An Assessment of Extremism within the American Muslim Community

September 11, 2006

Source: Belief Net

On September 11, 2006 Belief Net reported, "Ahmad Musa Jebril had a shady reputation that preceded him, yet he was a still mystery to many in suburban Detroit’s Muslim community. The son of local imam who had been dismissed by his mosque because of his radical views, the younger Jebril had also been barred by some area mosques for his own extremist rhetoric. So when Jebril started coming around to Masjid Umar Bin Khattab in Brownstown Mi. in the summer of 2003, officials at the mosque warned younger congregants to stay away from him, thinking that if they banned him outright without witnessing an actual transgression, his appeal might increase. But unbeknownst to mosque officials, Jebril, now 36, had already attracted a group of five to 10 teens and twentysomethings by delivering passionate, teary-eyed lectures about Islamic spirituality and the earliest Muslims while they sat mesmerized on the floor of a spare prayer room in the mosque’s basement. 'He approached us as someone trying to get more involved with the youth of the [mosque],' said Jawad Khan, a 22-year-old senior at the University of Michigan at Dearborn, who was 19 when Jebril came 'out of nowhere.' Like his peers, Khan was initially impressed with Jebril, and disregarded the warnings. After all, Khan reasoned, the talks were about spirituality and Islamic history. 'He was a very powerful speaker. He could really get your emotions going.' Many Americans worry that it is just such a combination--a radical leader and impressionable youths--that can lead to the creation of homegrown terrorists, like the 24 British Muslims (three of whom were recent converts) arrested in early August as suspects in a plot to blow up several planes with liquid explosives flying from Heathrow Airport to the United States."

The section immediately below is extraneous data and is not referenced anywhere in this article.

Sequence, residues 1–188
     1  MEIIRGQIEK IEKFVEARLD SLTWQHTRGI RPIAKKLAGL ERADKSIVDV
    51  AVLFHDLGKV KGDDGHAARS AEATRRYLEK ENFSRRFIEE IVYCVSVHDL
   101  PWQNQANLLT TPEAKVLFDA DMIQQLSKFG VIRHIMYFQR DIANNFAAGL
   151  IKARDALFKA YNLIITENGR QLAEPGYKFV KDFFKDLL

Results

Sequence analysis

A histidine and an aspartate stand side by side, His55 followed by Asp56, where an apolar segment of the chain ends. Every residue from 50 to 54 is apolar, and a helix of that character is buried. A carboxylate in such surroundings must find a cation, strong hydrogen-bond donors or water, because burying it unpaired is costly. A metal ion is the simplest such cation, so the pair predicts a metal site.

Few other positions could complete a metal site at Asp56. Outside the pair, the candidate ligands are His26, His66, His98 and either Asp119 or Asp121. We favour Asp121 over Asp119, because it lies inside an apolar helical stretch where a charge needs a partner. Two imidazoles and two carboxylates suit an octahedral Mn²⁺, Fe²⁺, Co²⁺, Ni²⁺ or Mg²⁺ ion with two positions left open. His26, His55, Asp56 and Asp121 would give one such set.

See also: Islam, Youth